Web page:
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Messages - narvin

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1216
Your math may be right, but I don't think the science is correct  :).  Water chemistry, alkalinity, and pH are a complicated subject. 

The math you're using looks like Kolbach's equation which estimates the pH shift in the mash based on alkalinity in the water and the reactions from calcium and magnesium with phytin in the malt.  Obviously, this is not going to hold in plain water.  As Tom said, you can make a rough estimate of alkalinty based on your other ion counts and some assumptions, but a full water report is really the way to go.

What you care about as a brewer is the pH of the mash, which depends mostly on the alkalinity (buffering capacity) of the source water, the water mineral content, and your grains in the mash.  Start by getting a full water report.  Your city water lab can usually help, but remember that these numbers will be averages and may not actually represent your current water (or even a water that can physically exist).  Make sure your measurements are correct.  A pH of 6.3 for the mash sounds pretty high... if you're using those economy strips, at least buy the more expensive ColorPhast test strips.  And, download a spreadsheet likw Kaiser's water calculator or Bruin Water and start playing around with it.  If it interests you, you can start to look at the math once you understand how it is applied.

1217
Equipment and Software / Re: Thermometers
« on: November 08, 2012, 08:58:37 AM »
Thermoworks also sells a type-k thermocouple version, which can accept various probes including a waterproof wire probe.  I use this and leave it in the mash tun and HLT for getting a constant read on temperature.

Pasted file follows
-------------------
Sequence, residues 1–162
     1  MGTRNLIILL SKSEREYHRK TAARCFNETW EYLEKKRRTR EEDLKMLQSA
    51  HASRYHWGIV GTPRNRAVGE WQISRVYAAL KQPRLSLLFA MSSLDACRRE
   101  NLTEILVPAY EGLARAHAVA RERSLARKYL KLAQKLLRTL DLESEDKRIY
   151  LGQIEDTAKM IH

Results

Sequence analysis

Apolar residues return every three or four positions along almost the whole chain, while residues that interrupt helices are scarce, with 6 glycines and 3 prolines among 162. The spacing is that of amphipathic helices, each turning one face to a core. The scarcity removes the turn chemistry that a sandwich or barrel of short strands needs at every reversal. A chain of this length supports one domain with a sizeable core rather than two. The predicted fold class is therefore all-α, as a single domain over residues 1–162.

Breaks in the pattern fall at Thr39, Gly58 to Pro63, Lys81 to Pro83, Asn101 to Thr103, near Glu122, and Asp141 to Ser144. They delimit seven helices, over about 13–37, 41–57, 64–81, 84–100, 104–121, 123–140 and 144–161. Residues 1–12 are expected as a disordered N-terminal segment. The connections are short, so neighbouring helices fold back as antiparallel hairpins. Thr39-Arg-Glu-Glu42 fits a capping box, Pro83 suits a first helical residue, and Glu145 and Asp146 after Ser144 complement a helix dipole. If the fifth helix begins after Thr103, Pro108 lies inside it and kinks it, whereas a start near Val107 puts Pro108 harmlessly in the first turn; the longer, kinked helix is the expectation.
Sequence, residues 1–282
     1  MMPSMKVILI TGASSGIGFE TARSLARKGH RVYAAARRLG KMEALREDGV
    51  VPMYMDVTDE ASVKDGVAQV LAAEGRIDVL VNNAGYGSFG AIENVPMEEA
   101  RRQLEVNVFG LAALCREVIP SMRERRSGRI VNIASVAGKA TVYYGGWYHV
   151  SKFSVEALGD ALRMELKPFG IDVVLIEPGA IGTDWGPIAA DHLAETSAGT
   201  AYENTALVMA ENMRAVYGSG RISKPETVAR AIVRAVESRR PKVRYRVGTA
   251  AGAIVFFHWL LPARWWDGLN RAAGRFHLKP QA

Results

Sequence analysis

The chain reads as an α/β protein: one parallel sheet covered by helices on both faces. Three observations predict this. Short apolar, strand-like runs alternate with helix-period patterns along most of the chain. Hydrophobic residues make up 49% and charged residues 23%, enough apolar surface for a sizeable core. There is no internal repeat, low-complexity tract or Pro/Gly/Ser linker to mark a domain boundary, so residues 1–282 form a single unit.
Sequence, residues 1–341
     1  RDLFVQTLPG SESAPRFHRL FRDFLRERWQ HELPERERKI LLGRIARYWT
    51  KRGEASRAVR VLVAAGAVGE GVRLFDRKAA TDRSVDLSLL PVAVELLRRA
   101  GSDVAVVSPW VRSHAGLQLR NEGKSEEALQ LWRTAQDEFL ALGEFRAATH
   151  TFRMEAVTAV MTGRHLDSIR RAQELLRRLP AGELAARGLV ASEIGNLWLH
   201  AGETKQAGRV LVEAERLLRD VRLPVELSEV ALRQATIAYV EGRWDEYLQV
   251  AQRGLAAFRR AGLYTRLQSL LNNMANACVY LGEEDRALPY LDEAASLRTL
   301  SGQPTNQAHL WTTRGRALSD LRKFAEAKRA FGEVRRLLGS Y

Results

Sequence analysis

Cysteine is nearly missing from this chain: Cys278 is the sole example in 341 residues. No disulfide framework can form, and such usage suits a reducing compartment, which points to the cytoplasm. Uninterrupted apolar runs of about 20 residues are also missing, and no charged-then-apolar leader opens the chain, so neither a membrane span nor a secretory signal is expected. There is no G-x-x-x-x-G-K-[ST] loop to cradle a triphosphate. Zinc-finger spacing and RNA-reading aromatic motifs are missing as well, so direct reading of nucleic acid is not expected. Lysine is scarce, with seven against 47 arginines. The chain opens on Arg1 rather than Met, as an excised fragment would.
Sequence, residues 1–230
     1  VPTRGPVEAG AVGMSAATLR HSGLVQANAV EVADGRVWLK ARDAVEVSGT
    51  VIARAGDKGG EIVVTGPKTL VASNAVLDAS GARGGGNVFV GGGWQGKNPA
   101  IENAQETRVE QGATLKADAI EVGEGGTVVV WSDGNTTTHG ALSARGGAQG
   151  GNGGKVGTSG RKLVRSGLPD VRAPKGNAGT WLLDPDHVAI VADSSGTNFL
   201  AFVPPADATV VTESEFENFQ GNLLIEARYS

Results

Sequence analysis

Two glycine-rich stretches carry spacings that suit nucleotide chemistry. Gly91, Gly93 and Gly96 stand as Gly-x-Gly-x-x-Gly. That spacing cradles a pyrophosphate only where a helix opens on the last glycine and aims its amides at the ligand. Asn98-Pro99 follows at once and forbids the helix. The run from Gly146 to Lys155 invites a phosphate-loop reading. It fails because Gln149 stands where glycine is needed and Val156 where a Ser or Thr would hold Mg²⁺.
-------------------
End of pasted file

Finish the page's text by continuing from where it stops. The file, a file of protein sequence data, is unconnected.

http://thermoworks.com/products/handheld/therma_k.html

Wire probe (model 113-372): http://thermoworks.com/products/probe/tc_wire.html

1218
Going Pro / Re: Some figures for opening a pub.
« on: November 07, 2012, 01:34:09 PM »
So, that's all well and good, but the assumptions you're making are pretty big ones for a a local brew pub.   For example, that there's demand for that much mild.  Or that IPA won't bring in a bigger crowd to eat your food.

This isn't budweiser level distribution where you can calculate their exact demand for each product reliably. You can play with the math all you want, but the result is only going to be as good as your model.

Yeah, but the math will always be better than your gut feeling.

And like I said, you can include hundreds of variables if you want to. If you think your IPA sales will increase your food volume, you can include your food demand and margin, and assign a coefficient to food volume that's a function of IPA sales. You need to make some educated guesses, but you should be able to get in the ballpark.

We're talking about a business, right? And we want to make a profit at that business, maybe even enough to pay ourselves well?